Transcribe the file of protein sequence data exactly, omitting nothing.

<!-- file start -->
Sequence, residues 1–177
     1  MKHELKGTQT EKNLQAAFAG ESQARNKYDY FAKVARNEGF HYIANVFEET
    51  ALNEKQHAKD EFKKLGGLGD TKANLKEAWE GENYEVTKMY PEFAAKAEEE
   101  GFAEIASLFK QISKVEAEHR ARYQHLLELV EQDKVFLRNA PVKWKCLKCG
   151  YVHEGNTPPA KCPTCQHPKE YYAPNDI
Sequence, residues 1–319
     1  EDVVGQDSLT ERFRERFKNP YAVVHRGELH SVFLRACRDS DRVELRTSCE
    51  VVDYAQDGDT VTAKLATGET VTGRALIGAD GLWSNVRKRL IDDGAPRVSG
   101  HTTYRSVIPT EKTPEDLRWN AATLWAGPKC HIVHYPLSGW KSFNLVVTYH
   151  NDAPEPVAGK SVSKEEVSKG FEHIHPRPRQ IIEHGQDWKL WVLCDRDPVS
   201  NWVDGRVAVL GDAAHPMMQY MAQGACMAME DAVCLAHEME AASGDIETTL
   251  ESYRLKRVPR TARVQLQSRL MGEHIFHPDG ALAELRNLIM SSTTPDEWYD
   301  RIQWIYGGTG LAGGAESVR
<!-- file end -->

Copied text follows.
Sequence, residues 1–177
     1  MKHELKGTQT EKNLQAAFAG ESQARNKYDY FAKVARNEGF HYIANVFEET
    51  ALNEKQHAKD EFKKLGGLGD TKANLKEAWE GENYEVTKMY PEFAAKAEEE
   101  GFAEIASLFK QISKVEAEHR ARYQHLLELV EQDKVFLRNA PVKWKCLKCG
   151  YVHEGNTPPA KCPTCQHPKE YYAPNDI
Sequence, residues 1–319
     1  EDVVGQDSLT ERFRERFKNP YAVVHRGELH SVFLRACRDS DRVELRTSCE
    51  VVDYAQDGDT VTAKLATGET VTGRALIGAD GLWSNVRKRL IDDGAPRVSG
   101  HTTYRSVIPT EKTPEDLRWN AATLWAGPKC HIVHYPLSGW KSFNLVVTYH
   151  NDAPEPVAGK SVSKEEVSKG FEHIHPRPRQ IIEHGQDWKL WVLCDRDPVS
   201  NWVDGRVAVL GDAAHPMMQY MAQGACMAME DAVCLAHEME AASGDIETTL
   251  ESYRLKRVPR TARVQLQSRL MGEHIFHPDG ALAELRNLIM SSTTPDEWYD
   301  RIQWIYGGTG LAGGAESVR